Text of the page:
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Melksham Probus

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The December meeting of Melksham Probus took place in the Kings Arms on 1st December.

After yet another nourishing lunch followed by bread and butter pudding, we had another eye opening  account of life in the East End of London by Martin Collinson.

Work started back in 1860 when Martin’s grandfather was born. When he started work it was as a Fancy Box Cutter, the boxes were used to hold perfume bottles. After 56 years he then went to work on fishing trawlers and died in 1949. He was married twice and sired 22 children, some with another woman whom he did not marry. Of the 22 children five died early on.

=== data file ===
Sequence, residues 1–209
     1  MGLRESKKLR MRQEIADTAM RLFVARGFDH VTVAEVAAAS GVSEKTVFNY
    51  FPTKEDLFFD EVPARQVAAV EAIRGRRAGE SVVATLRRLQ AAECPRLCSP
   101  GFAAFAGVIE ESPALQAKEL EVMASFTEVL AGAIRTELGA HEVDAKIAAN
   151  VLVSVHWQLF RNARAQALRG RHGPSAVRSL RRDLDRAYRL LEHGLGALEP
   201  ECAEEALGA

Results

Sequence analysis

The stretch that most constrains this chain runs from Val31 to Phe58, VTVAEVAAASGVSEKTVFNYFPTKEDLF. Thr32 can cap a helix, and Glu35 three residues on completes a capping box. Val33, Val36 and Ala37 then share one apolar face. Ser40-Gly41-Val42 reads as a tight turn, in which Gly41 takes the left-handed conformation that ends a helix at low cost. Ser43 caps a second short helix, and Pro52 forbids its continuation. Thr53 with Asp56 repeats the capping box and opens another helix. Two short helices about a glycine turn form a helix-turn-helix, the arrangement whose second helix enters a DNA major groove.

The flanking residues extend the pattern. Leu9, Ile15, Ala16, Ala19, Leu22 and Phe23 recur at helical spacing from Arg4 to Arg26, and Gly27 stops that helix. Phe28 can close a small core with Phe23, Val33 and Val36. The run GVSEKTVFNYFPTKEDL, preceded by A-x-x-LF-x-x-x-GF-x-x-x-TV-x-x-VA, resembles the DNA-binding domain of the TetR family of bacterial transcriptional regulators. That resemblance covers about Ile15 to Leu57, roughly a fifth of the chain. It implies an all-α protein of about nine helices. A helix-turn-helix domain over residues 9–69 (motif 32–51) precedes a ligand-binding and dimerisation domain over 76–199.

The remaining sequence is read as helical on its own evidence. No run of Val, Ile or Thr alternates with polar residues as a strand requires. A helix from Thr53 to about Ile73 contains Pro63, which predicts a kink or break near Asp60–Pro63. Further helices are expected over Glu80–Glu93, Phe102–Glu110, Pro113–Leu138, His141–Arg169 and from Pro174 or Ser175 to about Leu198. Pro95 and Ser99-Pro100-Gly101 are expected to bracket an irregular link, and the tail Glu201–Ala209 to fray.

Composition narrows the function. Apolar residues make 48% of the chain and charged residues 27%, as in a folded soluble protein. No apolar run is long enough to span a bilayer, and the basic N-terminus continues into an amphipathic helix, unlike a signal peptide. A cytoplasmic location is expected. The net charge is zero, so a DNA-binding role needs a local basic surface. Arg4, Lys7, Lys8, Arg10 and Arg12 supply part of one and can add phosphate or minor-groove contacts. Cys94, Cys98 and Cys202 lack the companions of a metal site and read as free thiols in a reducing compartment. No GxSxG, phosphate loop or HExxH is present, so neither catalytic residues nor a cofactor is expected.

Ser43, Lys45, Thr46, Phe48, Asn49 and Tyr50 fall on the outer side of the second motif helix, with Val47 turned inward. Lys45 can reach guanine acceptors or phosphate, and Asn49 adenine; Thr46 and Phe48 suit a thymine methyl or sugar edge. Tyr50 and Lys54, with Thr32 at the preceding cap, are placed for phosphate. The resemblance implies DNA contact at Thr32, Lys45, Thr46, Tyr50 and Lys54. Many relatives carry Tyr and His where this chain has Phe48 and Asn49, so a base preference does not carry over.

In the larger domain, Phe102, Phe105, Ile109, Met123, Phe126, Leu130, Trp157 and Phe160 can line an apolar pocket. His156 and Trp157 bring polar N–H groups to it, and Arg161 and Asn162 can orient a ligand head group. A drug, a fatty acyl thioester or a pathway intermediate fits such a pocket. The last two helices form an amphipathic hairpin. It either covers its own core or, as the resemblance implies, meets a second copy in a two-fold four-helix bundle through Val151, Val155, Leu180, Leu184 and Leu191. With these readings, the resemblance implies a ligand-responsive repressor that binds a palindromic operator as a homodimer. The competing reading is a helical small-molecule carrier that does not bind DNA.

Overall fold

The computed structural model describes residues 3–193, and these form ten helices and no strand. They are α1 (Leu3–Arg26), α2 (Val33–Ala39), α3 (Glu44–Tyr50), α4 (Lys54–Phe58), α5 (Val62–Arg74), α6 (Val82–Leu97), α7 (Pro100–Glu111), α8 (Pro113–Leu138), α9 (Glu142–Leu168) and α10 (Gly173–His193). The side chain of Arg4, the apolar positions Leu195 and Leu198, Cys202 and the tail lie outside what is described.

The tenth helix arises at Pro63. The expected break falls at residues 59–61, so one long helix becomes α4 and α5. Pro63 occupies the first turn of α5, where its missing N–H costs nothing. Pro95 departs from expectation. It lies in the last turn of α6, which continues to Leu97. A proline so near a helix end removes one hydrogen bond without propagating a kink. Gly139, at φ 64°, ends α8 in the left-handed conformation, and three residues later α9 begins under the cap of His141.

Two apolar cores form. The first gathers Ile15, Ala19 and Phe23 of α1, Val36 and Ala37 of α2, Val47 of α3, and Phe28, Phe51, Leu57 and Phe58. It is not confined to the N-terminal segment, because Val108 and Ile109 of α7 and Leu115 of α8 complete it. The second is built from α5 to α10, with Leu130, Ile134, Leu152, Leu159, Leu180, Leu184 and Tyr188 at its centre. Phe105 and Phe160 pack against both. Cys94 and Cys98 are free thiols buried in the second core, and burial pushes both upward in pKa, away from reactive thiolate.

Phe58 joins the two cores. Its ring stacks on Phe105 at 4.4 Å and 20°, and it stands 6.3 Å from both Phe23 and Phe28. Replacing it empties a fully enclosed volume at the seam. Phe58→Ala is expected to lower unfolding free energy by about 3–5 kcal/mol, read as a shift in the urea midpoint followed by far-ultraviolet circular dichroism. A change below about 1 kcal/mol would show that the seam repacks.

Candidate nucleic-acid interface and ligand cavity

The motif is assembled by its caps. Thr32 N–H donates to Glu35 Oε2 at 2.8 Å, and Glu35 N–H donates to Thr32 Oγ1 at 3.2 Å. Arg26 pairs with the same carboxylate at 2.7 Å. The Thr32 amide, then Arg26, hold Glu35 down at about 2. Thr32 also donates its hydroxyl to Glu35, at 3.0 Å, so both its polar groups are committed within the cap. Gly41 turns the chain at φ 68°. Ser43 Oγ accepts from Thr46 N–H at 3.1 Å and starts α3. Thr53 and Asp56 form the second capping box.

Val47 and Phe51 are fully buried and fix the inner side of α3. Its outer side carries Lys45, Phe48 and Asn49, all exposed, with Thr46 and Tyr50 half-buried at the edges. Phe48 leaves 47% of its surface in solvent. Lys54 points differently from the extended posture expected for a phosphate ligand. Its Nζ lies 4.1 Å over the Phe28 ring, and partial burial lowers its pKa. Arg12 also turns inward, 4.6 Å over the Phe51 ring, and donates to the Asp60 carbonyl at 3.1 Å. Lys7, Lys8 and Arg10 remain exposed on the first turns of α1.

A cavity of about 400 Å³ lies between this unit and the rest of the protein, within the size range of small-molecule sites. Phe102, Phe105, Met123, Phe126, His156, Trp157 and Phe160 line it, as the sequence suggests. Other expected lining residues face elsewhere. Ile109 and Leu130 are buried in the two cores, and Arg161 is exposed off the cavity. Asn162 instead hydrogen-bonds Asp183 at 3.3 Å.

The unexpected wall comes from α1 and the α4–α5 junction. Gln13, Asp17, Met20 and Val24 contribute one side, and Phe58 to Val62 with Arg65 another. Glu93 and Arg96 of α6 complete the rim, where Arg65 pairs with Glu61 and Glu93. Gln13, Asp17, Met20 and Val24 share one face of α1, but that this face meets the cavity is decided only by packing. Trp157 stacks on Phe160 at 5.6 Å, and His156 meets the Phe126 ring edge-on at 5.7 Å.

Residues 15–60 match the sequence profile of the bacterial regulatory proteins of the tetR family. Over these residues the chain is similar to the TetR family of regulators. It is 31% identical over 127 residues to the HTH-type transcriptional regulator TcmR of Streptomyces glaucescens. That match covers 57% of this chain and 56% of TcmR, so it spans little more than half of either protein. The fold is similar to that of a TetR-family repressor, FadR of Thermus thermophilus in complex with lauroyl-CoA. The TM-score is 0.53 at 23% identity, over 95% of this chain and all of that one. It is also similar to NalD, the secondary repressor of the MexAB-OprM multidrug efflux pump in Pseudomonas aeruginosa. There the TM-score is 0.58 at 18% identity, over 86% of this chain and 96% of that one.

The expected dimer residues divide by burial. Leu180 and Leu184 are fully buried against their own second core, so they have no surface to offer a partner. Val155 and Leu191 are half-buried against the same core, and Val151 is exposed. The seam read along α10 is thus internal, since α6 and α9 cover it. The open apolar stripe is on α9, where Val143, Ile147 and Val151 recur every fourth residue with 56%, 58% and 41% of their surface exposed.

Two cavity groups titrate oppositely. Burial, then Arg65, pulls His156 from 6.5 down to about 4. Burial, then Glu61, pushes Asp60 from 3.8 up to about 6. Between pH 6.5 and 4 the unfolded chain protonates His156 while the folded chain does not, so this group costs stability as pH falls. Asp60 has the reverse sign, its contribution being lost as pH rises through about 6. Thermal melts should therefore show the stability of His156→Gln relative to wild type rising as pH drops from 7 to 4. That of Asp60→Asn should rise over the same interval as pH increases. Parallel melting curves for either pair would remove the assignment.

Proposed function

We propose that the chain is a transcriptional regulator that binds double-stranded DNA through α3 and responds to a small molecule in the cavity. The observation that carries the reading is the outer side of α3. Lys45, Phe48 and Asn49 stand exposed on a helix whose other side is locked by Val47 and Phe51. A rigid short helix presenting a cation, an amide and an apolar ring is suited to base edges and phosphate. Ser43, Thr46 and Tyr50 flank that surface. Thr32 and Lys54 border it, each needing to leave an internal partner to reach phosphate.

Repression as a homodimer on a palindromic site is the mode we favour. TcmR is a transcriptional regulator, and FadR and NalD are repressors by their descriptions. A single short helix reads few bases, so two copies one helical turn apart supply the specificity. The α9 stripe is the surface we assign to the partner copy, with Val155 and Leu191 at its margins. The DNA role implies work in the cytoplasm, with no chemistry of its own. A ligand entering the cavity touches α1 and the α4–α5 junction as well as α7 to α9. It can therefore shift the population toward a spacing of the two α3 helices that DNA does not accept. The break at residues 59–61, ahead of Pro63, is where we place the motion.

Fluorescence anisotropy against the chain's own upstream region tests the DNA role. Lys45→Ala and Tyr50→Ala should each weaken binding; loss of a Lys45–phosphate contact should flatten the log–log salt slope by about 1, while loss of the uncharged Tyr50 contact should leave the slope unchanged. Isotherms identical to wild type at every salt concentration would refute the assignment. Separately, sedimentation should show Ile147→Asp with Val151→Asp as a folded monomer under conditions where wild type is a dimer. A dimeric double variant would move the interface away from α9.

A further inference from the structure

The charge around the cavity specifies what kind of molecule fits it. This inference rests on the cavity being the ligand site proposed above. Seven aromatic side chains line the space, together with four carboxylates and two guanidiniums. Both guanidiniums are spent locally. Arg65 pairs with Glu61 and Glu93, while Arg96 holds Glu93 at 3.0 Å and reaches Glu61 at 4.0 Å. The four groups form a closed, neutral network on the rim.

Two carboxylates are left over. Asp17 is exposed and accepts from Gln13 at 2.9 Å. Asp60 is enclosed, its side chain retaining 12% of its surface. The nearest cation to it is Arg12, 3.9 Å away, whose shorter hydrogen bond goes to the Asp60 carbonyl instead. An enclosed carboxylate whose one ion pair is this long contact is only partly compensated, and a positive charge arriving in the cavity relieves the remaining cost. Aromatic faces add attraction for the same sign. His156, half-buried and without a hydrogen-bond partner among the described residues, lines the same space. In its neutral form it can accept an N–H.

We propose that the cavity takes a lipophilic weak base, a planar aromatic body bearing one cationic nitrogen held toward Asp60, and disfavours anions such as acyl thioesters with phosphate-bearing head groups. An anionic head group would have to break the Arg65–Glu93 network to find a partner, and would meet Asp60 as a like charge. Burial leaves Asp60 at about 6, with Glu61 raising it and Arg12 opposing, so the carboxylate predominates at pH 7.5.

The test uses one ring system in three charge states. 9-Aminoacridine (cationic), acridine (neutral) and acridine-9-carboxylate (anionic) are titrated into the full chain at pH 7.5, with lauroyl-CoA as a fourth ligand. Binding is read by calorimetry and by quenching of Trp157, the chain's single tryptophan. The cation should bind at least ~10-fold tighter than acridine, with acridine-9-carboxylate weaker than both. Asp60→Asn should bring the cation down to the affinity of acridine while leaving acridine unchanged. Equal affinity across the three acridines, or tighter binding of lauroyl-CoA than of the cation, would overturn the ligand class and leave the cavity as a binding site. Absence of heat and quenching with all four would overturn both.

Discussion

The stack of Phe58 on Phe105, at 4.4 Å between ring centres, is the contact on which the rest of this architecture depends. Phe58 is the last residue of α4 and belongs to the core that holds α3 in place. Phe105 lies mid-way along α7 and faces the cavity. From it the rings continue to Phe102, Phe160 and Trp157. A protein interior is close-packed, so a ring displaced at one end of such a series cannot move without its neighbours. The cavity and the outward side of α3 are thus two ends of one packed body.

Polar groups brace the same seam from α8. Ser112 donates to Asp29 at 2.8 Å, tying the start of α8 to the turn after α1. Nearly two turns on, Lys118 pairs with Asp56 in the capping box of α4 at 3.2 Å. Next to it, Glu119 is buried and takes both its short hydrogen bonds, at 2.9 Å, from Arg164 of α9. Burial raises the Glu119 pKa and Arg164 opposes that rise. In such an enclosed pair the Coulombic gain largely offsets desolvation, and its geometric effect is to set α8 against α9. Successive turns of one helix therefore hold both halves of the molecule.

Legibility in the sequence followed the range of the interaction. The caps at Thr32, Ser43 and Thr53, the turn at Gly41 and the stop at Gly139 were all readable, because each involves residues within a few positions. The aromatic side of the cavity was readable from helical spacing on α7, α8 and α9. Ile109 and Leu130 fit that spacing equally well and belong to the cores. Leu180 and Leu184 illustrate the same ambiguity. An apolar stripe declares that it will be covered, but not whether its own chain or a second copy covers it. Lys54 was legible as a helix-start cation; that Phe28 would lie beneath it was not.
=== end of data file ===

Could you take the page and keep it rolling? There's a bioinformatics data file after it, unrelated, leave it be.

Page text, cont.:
Poverty was terrible. The Very Poor Act and The New Poor Act came into being between 1601 and 1882. In 1900, Bryant and May built the largest factory making matches and employing 2000 women and  children, Soup kitchens and work houses started in 1903.

Many immigrants, Huguenots and Chinese, worked in the area and gang warfare started with the locals. Besides  many  gangsters such as The Krays, Sir Alan Sugar opened his first stall and Jamie Oliver’s grandfather was landlord of The 10 Bells public house.

Brian Jennings gave a vote of thanks for an interesting look back in time.